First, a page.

Dr. Edward Lee, MD

Vision Care Essay (Edward Lee, MD-June 2015 Guatemala)

“But you will receive power when the Holy Spirit comes on you; and you will be my witnesses in Jerusalem, and in all Judea and Samaria, and to the ends of the earth.” Acts 1:8

I had thsmall_32e privilege of partcipating in the 187th Vision Care Eye camp in Guatemala City, Guatemala at the Hospital Nino Jesus in June 2015. Ever since my residency training in Ophthalmology, I had always wanted to participate in medical missions. However, starting a new job and raising a family, I never had the opportunity to take time out of my busy schedule. But by the grace of God, I was finally able to participate this past summer. Caring for patients in the mission field is much different from private practice. The hospital did not have any ophthalmologic equipment, so we had to bring our own from the U.S. Unfortunately, our equipment arrived a day late, so we had to improvise. Our contacts through the Korean church of Guatemala were able to help us obtain a slit lamp microscope from another location 2 hours away, enabling us to see 100 patients the first day. When our equipment arrived the following day, our surgical microscope was missing its stand. Without a working microscope, we couldn’t do surgery. Working with the hospital staff, we put together a microscope stand using an IV pole, string, tape, and lots of chopsticks (no kidding!). As a result of our efforts, we were able to do 10 surgeries that day. Our medical mission demanded the coordination of many moving parts to achieve our goal. In fact, when it all came together, I felt God’s hand at work. Our team of volunteers made personal sacrifices to participate. Our host hospital provided a place for us to see patients, and the local church helped us with our day-to-day needs, from transportation to translators. Our missionary contacts brought patients from hours away to receive treatment.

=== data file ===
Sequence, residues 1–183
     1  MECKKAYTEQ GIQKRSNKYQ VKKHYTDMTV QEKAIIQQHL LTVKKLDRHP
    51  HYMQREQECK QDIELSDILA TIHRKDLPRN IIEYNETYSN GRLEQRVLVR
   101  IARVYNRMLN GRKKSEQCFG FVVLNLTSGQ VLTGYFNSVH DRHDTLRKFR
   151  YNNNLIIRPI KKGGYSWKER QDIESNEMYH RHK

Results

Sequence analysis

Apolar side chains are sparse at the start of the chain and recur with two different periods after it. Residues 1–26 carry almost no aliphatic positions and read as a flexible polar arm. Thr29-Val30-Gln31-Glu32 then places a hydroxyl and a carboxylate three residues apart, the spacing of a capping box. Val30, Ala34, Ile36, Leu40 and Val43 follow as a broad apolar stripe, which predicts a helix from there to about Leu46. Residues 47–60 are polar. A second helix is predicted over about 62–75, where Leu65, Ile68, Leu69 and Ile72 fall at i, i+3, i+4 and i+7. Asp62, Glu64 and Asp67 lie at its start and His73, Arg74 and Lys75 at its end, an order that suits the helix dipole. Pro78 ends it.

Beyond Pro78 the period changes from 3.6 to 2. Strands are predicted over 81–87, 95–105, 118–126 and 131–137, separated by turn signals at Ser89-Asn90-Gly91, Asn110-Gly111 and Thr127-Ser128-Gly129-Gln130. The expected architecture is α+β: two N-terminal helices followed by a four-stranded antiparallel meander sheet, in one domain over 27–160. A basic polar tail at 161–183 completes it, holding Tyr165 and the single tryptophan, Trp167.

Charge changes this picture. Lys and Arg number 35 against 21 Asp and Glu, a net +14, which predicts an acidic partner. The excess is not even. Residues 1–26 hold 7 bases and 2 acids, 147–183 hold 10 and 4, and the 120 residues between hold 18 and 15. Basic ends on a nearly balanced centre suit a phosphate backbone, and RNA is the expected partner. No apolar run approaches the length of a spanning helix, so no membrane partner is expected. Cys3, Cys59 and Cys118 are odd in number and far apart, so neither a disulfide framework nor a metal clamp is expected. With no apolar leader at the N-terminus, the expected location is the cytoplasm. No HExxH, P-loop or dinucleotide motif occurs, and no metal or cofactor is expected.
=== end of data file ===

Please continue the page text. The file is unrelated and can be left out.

small_176At the same time, we were fortunate to have the support of the government and the local ophthalmologists and health care providers. Without God’s provision and everyone’s hard work and personal sacrifices, our work would have been impossible. Becoming a medical doctor and an ophthalmologist fulfilled a lifelong dream of mine. But participating in a medical mission was fulfilling God’s calling to be a “witness” in the world. There is no better feeling than using the training that I have been blessed with to bless others. There was a running joke among our team members that Jesus himself was an ophthalmologist because he gave sight to the blind. But he also opened people’s spiritual eyes to see God’s love for the world. Vision Care’s mission statement is to “Restore Sight, Share Vision.” My hope is that other ophthalmologists would also share in God’s vision to help restore the sight of patients around the world.

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